Greg Seltzer said...

Well, I guess you never get tired of trying to work backwards from what you wish the answer was...

1 - Having one guy on a team that wins CONCACAF CL means nothing towards a US showing at World Cup. It is not even the same type of game as a World Cup and, ya know, it is just one guy. How you come up with this sort of stuff and then say "Yeah! That's the ticket!" is beyond me.

2 - First of all, nobody is "letting talent go" - much less on the cheap. He is a free agent, which means he is on the market, can do as he pleases and there is no price to agree for his departure. Besides, as usual you are conflating two things: building up MLS and building up the NT. These are not the same animal, they do not have the same needs.

3 - Again, national teams do not send club players anywhere. And "South American" countries have not done the winning you speak of in modern times. I think you mean Argentina and Brazil, two of 10. The other eight have all of one final four finish since 1970. And that was in 2010, with a Uruguay side loaded with and led by guys who went young to European clubs.

dikranovich said...

3. the 2 out of 10, that's still a higher percentage than the 4 out of 50 who have won the World Cup from Europe, since 1970

2. Greg, you haven't seen an MLS game live since the last century, yeah, you went to a U.S. National team friendly in Italy, and Malta, but you really don't know US soccer, but except what you read online, and what your " little birdies" tell you.

1. Why does it hurt people so much to deny club results have an impact on national team results? Why is this such an affront? The Dutch had their best results when PSV was the best team in Europe. Next to this, their best results came in the 70s when the Dutch had great players on the national team and on Ajax.

Spain wins a World Cup when Barcelona and Real Madrid are winning European club competitions. Coincidentally smaller Spanish teams are winning Europa league. This is why Spain is winning euros and a World Cup.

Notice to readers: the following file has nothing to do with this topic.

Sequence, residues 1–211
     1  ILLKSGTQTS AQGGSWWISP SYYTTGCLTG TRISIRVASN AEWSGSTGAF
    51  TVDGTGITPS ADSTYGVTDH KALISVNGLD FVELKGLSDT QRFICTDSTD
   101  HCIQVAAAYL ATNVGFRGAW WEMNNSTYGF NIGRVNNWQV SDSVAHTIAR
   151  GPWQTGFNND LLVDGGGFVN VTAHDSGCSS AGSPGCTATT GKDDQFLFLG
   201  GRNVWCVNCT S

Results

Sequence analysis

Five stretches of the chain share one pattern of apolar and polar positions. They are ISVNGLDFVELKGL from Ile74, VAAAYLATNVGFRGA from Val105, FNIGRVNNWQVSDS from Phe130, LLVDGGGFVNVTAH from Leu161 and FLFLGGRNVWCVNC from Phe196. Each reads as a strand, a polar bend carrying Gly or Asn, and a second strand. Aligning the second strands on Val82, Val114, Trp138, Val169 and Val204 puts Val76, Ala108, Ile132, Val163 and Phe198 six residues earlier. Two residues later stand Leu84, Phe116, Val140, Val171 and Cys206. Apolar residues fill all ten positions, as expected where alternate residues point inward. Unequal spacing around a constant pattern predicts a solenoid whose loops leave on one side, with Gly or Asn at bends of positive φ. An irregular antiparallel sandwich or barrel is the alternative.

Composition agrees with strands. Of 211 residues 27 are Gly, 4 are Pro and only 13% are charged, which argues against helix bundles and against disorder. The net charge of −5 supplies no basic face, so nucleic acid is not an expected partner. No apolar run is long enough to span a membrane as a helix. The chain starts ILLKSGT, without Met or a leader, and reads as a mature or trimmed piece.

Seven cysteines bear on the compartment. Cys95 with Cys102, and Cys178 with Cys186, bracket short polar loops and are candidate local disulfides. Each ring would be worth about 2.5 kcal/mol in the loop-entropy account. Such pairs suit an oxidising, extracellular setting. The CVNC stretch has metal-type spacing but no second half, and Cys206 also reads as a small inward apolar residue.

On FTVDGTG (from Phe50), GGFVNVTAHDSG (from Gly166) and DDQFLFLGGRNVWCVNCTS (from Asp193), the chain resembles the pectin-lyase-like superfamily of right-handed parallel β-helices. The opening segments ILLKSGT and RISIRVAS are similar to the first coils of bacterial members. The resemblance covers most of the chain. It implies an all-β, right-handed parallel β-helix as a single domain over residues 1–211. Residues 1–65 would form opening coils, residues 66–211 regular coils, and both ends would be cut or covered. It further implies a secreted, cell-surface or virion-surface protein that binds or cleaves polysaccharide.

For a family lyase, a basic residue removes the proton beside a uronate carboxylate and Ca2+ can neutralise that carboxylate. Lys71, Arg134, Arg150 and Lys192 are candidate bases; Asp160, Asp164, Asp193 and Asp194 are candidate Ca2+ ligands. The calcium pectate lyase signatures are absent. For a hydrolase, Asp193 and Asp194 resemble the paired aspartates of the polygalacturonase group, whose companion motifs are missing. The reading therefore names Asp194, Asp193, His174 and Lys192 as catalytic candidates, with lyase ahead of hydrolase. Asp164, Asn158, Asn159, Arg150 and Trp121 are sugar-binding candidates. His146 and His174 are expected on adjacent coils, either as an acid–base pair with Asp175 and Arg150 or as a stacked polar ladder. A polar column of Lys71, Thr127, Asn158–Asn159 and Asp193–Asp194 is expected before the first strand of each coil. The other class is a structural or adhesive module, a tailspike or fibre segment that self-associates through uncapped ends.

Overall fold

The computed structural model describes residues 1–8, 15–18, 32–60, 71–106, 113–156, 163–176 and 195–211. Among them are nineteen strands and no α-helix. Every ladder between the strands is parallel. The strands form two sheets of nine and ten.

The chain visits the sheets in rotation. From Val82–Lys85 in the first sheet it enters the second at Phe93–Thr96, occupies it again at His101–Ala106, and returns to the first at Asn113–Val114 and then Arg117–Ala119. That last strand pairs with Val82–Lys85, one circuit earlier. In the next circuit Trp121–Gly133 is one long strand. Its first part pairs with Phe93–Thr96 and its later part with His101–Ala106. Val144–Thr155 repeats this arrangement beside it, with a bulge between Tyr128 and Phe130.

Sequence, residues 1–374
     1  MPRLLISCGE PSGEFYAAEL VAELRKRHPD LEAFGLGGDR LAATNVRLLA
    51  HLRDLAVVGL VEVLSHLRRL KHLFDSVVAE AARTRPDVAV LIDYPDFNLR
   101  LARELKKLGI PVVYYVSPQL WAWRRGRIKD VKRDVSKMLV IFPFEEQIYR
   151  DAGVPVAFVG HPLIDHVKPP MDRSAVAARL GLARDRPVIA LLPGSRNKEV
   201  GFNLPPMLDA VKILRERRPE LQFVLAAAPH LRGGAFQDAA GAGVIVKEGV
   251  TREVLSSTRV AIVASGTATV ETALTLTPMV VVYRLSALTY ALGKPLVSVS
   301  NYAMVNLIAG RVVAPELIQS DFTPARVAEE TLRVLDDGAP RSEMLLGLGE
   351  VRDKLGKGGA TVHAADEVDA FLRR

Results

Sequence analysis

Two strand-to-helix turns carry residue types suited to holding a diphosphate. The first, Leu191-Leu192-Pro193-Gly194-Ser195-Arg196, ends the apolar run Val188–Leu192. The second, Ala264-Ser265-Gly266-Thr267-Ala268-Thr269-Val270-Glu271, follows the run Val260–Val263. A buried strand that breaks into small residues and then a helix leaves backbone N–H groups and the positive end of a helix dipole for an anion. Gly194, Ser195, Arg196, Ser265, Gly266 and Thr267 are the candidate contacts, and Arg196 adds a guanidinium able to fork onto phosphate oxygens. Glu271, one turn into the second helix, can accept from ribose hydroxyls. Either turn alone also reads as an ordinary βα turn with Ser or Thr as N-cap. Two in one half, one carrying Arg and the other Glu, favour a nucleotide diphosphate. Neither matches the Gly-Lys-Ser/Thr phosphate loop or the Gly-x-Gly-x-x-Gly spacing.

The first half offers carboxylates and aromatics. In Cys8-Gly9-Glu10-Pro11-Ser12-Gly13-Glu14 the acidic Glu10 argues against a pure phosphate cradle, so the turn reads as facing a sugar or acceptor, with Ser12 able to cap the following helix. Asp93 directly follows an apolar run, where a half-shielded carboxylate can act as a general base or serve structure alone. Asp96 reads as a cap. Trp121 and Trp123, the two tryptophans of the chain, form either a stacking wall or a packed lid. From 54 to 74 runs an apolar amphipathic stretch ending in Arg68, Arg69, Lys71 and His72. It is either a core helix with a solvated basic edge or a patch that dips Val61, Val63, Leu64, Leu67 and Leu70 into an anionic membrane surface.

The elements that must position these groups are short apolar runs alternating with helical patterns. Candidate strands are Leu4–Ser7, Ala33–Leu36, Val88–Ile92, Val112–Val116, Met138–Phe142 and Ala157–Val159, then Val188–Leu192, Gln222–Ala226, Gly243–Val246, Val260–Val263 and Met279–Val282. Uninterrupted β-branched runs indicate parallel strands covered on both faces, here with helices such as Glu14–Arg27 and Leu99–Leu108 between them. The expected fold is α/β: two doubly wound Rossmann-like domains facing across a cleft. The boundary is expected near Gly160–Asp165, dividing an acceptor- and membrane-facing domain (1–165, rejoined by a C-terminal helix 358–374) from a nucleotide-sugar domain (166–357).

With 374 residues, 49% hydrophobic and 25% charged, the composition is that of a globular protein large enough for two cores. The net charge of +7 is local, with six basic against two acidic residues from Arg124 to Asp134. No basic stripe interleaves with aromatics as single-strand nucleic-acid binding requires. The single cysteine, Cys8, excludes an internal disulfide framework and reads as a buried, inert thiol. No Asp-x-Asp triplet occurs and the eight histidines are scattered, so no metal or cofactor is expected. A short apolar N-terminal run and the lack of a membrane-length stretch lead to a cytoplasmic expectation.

Jordan Morris developed his skills in America, the USA. Next thing we know, these A holes are going to be telling us weirder Bremen developed Morris. If a top American player goes to Europe for free, that is going on the cheap, no matter how you slice it. In the long run, or the shot run, it is not a benefit for soccer in our country

Greg Seltzer said...

Life is far too short to continue wading through all the conflation, avoidance, irrelevance, false logic and intentional detours you throw in one post.

And, of course, you are dead wrong about the last MLS game I saw live... as if that matters in the slightest. Could someone else please handle this light work?

dikranovich said...

Ok, fair enough, no more personal shots from my side.

But please, does sending players to Europe really help to grow the game in America? I mean, does it really help to grow the game in our country?

isn't it one thing in 1990 when there is no viable league, as opposed to today?

Maybe the idea should be to send the best players to Europe at birth, or at some point when we are reasonably sure that they are the best, and then leave the rest of the minions here to fill in the gaps, for us poor stateside spectators.

dikranovich said...

I just don't get it. How is it not more clear, this idea of domestic success? And Europe is more like the horse chasing the carrot.

It must be the fact that a lot of people have lived through an already failed league, and that hangs over us, and permeates our soccer culture.

Dany Tzvi said...

no reason to engage him. all we can do is ask that he get his own blog if he wants to write entire essays in the comments section here.